Are You Ready To Hand Google All Your Fitness Data If Apps Use The Latest Android API?

Posted: Jan 17 2014, 6:31pm CST | by , in News

Are You Ready To Hand Google All Your Fitness Data If Apps Use The Latest Android API?
Photo Credit: Forbes

One of the hardware innovations to be found in Apple’s latest portable devices is the M7 co-processor. This chip collects data from the motion based sensors in the iOS hardware, including the magnetometer, accelerometers, and GPS output. By using the M7 to store and process data while the device is in standby mode, it increases the battery life without affecting performance of the iOS devices when in regular use. It also provides hooks for developers to work on quantified self apps with the knowledge that the data can be collected through the day without a significant drain on a mobile device’s resources.

Some of the new API’s detailed today on the unofficial Google Operating System blog point out Google’s reply to the M7 chip, and it appears to be based around a new fitness API. This will gather in data from the sensors in the Android device, and potentially wearable sensors such as heart rate monitors and motion tracking clips that are paired with the handsets for later processing and analysis by applications that access the data via the API.

There is no word when this fitness API would be available for developers or consumers to interact with. Neither is there any word on how it will be implemented (but my money is the API being part of the Google Play Support Services so Google can restrict access to the API). The process of monitoring personal fitness on Android has already started, with a basic step counter featuring as part of Android 4.4, but the move to provide a full API is expected after Apple’s play with the M7 chip and the rise of wearable technology in the last twelve months.

It will be interesting to see if these changes are rolled out in time for the wave of Android devices sure to be announced at the Mobile World Congress next month, or if this is a longer play for Google that won’t come to fruition until the handsets for Q4 2014 are available in significant numbers.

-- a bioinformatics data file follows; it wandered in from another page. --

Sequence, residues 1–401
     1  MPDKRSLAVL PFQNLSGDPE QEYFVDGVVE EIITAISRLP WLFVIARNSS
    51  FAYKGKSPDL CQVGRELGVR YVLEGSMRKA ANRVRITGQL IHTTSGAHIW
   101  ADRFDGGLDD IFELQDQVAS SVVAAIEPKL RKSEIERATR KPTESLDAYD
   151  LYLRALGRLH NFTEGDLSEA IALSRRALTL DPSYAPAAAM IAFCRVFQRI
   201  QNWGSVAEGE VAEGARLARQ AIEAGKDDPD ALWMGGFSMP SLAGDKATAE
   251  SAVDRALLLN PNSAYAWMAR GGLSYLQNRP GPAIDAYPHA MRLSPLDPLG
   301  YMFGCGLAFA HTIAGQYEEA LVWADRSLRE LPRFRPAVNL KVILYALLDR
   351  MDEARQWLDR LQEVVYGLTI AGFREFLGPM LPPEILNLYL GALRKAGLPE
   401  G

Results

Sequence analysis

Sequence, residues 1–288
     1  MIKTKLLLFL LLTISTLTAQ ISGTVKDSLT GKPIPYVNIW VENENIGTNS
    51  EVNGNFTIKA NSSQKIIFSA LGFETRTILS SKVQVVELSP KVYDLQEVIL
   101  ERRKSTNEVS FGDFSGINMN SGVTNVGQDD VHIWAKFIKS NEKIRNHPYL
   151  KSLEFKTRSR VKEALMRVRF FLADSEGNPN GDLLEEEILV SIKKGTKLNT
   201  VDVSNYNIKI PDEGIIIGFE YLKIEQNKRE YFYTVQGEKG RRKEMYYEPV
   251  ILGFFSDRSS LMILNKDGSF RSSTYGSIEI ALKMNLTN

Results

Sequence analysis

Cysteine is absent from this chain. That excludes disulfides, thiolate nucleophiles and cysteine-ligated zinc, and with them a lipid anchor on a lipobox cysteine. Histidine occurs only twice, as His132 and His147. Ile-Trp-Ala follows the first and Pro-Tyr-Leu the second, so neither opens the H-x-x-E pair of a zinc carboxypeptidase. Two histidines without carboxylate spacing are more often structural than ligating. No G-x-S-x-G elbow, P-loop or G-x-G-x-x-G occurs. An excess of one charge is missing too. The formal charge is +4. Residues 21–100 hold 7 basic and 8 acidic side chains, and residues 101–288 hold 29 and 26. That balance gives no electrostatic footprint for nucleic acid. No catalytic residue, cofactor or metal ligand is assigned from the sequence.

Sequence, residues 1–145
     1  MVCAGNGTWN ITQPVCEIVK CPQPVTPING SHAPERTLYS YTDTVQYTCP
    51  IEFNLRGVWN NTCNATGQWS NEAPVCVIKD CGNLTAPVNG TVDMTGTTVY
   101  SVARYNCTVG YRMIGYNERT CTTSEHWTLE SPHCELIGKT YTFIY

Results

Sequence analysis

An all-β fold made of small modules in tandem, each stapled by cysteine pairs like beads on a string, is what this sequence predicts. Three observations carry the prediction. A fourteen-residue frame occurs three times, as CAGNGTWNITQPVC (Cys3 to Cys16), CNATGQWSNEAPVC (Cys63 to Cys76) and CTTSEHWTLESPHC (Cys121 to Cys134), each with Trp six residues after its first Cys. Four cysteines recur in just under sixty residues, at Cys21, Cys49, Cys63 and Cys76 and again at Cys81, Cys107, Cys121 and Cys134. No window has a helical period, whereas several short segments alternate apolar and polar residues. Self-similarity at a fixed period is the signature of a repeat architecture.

The actual step of hardware integration is going to be left to the manufacturers. There’s a clear bias towards Android in the wearables movement (I suspect because the Android OS is more accessible and easier to ‘hook’ code into). With a fitness API the hooks to bring the data from the wearable into the smartphone or tablet will be easier.

While it’s not the same as the dedicated hardware and software support that Apple can offer, by creating a single point of contact for developers to access relevant data for healthy measured living, Google hopes to attract many start-ups and small companies to Android as the platform for the fitness app.  What is clear is that Google is reacting to the wearable movement by providing a software platform that will allow interoperability between various handsets and devices. It will become an integral part of the Android OS. And there’s every likelihood that Google will pool all this data on their servers and associated it with your Google account.

I will be interested to see which manufacturers end up using Google’s solution, and which of them will continue to roll their own solution to keep control of the customer in their own software ecosystem.

I will also be very interested to see how many people are happy to make use of this fitness API in exchange for Google having access to data from their own body.

Stunning Photos Of Google's Massive Data Centers

Source: Forbes

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